Many families consider establishing a trust for the future of their child or loved one with special needs. One extremely important consideration when establishing a trust is who to name as trustee.
Obligations of a Trustee
Trustees must uphold professional standards of impartiality and are responsible for providing many services. Some of a trustee’s knowledge areas and obligations include:
- Impartiality and no self-dealing
- Delegation when things are beyond their scope of understanding
- Selection of professionals
- Modern Portfolio Theory
- Restricted accounts
- Annual Accounting
- Reporting to SSA
- Reporting to Medicaid
- Reporting to courts
In addition to serving all of these roles, the trustee must also have a strong understanding of how public benefits work and be able to keep track of all regular payments (ex. property taxes, car payments, utilities, and grocery expenses).
Naming a Family Member as Trustee
A lot of the time, people look for the seemingly-obvious option in naming a sibling or other family member as the trustee. This is not always the best option and can create added stress and challenges in the future. The problem with naming a family member as trustee is that many individuals underestimate the responsibilities and time needed to care for an adult dependent and/or maintain their benefits, programs, and important decisions. Serving as trustee comes with great responsibility, which can be time consuming and overwhelming for some. It can also detract from the ability to serve as an advocate and ally for your loved one.
Instead of naming a family member as trustee, the position of “trust protector” may be a better fit. The role of trust protector is more of a guardian who oversees the trust. Serving in such a position, a trust protector can appoint a corporate trustee or a qualified attorney to serve as trustee instead of taking on that role themselves.
Appointing a Corporate or Professional Trustee
At Planning Across the Spectrum, we are in favor of appointing a corporate or professional trustee rather than having a family member in this role because of the additional stress and challenges it can place on an inexperienced individual, let alone the amount of time it takes to continuously fulfill the responsibilities.
For example, if a brother were serving as trustee for a sibling’s Special Needs Trust “SNT,” the brother will likely face additional constraints in trying to help support their sibling while also maintaining their own work/life balance and focusing on their own life goals. It may even be difficult to plan for a small vacation due to concerns of something happening while away. To really allow the family member to be a support and advocate, it is important to consider having the family member added as a trust protector or named as co-trustee instead of operating as the sole trustee.
Considerations when Selecting a Corporate Trustee
If you decide to appoint a corporate trustee, you still have to be careful with your selection. Many corporate trustees either do not specialize in special needs trusts, or they have higher minimums for doing so. If the trust is under half a million dollars, consider using an attorney as trustee or utilizing a pooled trust. While the fees are usually about 1%, it may be well worth the cost when you consider the time investment required to serve as trustee.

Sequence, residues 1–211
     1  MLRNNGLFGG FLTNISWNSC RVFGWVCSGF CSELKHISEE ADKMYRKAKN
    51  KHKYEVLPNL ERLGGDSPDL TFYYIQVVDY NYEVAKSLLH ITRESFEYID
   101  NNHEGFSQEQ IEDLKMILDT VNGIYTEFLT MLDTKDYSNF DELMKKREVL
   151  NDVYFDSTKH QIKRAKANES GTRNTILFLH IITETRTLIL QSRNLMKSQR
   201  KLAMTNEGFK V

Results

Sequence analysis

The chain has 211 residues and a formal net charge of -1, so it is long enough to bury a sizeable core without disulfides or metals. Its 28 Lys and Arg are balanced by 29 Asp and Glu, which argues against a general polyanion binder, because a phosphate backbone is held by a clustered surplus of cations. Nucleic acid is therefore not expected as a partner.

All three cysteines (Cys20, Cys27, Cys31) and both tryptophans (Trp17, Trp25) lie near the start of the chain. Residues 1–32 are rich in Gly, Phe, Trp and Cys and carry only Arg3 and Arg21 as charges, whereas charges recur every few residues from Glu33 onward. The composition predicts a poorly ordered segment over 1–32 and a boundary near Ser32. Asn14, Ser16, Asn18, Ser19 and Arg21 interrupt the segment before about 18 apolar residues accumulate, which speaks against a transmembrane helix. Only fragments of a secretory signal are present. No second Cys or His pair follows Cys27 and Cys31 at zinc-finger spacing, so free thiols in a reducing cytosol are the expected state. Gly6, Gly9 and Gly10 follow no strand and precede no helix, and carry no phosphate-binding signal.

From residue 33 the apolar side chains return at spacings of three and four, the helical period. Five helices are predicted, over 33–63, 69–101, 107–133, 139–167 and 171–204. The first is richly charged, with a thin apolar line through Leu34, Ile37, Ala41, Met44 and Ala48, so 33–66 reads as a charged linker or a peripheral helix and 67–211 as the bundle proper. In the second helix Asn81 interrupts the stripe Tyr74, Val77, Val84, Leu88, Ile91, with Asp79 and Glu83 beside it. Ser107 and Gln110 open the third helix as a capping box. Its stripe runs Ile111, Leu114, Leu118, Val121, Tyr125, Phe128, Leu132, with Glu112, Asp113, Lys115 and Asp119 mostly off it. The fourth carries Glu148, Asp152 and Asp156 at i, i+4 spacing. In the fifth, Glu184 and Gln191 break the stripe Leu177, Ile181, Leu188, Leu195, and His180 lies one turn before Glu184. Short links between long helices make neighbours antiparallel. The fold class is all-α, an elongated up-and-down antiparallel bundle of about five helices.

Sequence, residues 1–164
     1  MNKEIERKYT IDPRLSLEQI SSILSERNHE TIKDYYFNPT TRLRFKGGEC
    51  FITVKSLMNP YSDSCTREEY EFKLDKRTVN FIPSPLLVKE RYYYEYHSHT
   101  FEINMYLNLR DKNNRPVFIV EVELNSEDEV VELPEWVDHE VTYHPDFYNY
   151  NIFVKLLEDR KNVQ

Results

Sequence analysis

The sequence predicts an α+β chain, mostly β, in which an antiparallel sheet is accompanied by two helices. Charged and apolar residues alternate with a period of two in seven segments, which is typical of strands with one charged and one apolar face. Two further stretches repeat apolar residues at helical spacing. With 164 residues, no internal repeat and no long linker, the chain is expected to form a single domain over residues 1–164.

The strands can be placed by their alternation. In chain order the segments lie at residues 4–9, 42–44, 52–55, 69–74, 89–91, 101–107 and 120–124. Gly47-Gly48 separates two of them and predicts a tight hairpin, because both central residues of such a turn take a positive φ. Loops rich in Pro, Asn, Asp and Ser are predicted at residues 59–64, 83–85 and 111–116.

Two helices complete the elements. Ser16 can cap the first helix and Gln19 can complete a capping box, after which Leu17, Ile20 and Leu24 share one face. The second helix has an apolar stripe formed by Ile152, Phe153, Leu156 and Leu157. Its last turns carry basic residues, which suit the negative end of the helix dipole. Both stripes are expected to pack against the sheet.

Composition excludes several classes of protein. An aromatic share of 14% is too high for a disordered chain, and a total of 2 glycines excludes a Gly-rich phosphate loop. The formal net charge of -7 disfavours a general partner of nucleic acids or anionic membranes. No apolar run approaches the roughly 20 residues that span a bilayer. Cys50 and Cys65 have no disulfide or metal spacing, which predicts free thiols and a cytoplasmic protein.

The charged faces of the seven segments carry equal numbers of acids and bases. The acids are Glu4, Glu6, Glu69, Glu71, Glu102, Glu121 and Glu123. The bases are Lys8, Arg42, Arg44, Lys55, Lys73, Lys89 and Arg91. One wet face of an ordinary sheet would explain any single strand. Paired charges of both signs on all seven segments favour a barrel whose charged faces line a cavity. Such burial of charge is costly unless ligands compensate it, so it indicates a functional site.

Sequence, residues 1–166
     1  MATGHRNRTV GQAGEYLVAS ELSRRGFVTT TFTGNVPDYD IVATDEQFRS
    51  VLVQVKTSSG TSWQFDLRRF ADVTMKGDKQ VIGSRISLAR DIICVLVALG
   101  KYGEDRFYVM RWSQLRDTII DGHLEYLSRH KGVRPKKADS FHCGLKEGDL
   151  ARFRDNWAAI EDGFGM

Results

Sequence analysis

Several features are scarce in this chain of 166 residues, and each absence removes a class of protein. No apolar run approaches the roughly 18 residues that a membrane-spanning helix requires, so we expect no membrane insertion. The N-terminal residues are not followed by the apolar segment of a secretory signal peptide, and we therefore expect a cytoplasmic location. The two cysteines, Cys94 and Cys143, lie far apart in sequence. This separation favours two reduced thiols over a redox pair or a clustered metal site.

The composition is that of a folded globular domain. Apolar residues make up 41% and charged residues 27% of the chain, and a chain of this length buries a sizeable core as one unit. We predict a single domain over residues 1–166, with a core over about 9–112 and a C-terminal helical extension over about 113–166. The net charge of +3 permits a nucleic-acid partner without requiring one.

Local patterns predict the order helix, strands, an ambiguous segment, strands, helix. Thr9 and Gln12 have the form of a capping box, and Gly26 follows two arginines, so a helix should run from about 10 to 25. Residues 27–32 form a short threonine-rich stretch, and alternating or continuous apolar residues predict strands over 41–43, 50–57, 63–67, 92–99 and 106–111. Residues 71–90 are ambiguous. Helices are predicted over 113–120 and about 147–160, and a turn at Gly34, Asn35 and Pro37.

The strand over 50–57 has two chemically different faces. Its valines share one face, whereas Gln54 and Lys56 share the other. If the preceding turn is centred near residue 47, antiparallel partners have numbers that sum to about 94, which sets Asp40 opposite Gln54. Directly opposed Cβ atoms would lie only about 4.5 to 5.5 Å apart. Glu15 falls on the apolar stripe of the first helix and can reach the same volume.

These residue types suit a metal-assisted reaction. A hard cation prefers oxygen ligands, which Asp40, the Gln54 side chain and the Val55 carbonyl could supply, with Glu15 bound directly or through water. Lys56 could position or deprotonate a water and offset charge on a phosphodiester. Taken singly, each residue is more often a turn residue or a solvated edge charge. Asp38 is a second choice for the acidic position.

Keep in mind that many pooled trusts and professionals’ trustees have restrictions. For example, they may not offer management of real estate property. Smaller trust companies often don’t have a property manager who can ensure property is being maintained. Furthermore, they may not permit you to select an independent financial advisor. Many pooled trusts will have their own investment team or work strictly with their own selection of trusted finance professionals. If you already work with a financial advisor and want them to continue to support your loved one when you are gone, discuss whether that is possible with a prospective trust company or nonprofit managing a pooled trust.
Finally, remember that there is more to being a trustee than paying the bills. Consider working with a trust company that has social workers on staff instead of or in addition to trust officers, such as Hope Trust, who truly specialize in serving the unique needs of your loved ones. Some trust companies have higher investment minimums to ensure they are able to cover the costs of the services they provide.
If you are not sure where to start, our special needs advisors can help you to get started. At Planning Across the Spectrum, we are committed to helping you turn your goals into realities. Our financial advisors can also help you to analyze your assets and determine how your trust will be funded.
This post was written by Planning Across the Spectrum, a sponsor of the Autism Housing Network. They specialize in providing certified financial planning advice and services to those with special needs and disabilities, including autism. We are fortunate to have the opportunity to share their expertise with our readers. Watch the financial planning videos as they are released here.